but-for cause of the alleged adverse employment action by the employer.” Univ. of Tex. Sw.
Med. Ctr. v. Nassar, 133 S. Ct. 2517, 2534 (2013).
Dr. Vives claims that she has suffered a number of adverse employment actions in
retaliation for engaging in protected activity, but she only provides argument and evidence
concerning the issue of causation for two. In its entirety, her argument concerning
causation for her retaliation claim is as follows:
Clearly, based on the foregoing arguments, Vives has established a causal
connection between the informal complaints of protective activity and the
post EEOC filing protected activity. In 2008, Dr. Vives had many complaints
of discriminatory conditions through November 2008. Then in 2009, she
complained about Dr. Ellis preventing residents to see consults that he
perceived were for Dr. Vives. Then the ultimate adverse employment action
occurred effective February 15, 2009 when the residents were removed. Then
despite inquiring to Greg Fiern three times in 2008 about the technician and
a qualified technician applying in March the very month of the inquiry, the
qualified applicant was not interviewed nor was Dr. Vives told about the
applicant. Then, while Dr. Vives’ budget still has funding for a technician,
after Dr. Vives filed her EEOC charge in 2010, in 2011, the technician was
cancelled, but the approving the technician in budget was used as rouse to
cover up the retaliation.13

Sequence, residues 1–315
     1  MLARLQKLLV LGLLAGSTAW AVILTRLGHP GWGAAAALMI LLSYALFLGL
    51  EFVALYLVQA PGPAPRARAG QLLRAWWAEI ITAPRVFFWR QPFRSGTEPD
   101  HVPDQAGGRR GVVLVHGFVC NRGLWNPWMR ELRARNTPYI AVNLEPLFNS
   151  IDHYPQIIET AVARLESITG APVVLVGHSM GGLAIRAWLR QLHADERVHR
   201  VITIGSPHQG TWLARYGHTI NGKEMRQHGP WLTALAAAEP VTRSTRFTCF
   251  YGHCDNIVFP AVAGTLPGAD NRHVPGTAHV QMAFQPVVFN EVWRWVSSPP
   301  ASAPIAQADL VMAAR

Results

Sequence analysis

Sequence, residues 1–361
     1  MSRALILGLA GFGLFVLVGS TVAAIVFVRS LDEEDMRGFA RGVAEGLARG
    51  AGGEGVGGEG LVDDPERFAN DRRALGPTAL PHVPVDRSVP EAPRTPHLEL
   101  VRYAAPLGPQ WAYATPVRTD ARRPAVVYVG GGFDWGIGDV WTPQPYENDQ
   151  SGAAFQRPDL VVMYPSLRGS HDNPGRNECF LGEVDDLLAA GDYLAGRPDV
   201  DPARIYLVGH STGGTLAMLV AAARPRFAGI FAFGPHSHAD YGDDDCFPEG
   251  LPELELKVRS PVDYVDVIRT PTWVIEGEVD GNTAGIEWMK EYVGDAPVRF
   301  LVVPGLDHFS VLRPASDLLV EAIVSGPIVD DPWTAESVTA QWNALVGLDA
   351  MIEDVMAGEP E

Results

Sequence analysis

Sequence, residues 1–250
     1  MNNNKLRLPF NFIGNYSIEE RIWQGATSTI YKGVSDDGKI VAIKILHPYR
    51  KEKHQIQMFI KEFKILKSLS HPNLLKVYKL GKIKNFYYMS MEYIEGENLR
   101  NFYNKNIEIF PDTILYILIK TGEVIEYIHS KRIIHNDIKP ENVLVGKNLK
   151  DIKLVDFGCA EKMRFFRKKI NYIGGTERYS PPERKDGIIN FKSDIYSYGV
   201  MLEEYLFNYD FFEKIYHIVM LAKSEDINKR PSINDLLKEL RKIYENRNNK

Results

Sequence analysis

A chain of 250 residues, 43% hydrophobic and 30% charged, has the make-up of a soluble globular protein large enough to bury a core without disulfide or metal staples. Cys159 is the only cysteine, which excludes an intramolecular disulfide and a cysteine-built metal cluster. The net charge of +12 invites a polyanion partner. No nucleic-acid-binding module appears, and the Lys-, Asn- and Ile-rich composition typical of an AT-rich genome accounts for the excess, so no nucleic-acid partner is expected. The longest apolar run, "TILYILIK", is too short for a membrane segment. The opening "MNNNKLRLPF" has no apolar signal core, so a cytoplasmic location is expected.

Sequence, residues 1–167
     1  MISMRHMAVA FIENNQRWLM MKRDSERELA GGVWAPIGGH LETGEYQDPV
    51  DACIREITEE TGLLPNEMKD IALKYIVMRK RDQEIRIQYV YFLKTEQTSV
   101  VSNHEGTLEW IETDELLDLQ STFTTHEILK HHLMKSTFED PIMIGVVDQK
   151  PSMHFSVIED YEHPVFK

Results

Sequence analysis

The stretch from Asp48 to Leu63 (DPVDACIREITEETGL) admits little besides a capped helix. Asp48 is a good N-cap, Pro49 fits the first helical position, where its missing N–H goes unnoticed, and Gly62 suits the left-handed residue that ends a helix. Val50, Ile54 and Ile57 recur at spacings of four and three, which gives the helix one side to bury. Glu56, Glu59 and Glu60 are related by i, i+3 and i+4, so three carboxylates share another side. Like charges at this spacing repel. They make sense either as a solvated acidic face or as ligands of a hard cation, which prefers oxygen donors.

Dr. Vives therefore advances a causal connection for only three incidents of alleged
retaliation: The failure to advise of her a qualified applicant for a technician position in
2008; the removal of resident support from her in 2009; and the removal of the budget
appropriation for a technician in 2011. She fails to provide evidence in support for
causation for any.
Even assuming it qualifies under the relaxed adverse employment action standard
applicable to retaliation claims, Dr. Vives does not link the alleged failure to advise her of
a qualified applicant for her technician position to any protected activity. Her complaints
concerning race and gender discrimination to Children’s CEO in 2004 are too remote in
time to support an inference of causation. “Temporal proximity between [protected
activity] and the alleged adverse employment actions”—and this is the only evidence of
R. Doc. No. 108, p. 55. Errors in original.
causation Dr. Vives offers—“only can prove the causation element of his prima facie case
when the protected act and the adverse employment action are ‘very close’ in time,”
Washburn v. Harvey, 504 F.3d 505, 511 (5th Cir. 2007). A twenty-four month lapse in
time, far shorter than the four year gap in this case, defeats any inference of causation,
Clark County Sch. Dist. v. Breeden, 532 U.S. 268, 273–74 (2001). Her complaint to
Children’s CFO in 2008 about the alleged denial to her of a technician was not protected
activity, because she failed to allege the denial was on account of discrimination against her
on account of her gender, race, or nation of origin. Harris-Childs v. Medco Health
Solutions, Inc., 169 F. App’x 913, 916 (5th Cir. 2006); Tratree v. BP N. Am. Pipelines, Inc.,
277 F. App’x 390, 395 (5th Cir. 2008). And although Dr. Vives did engage in protected
activity before the alleged removal of the technician from her budget in 2011, again, the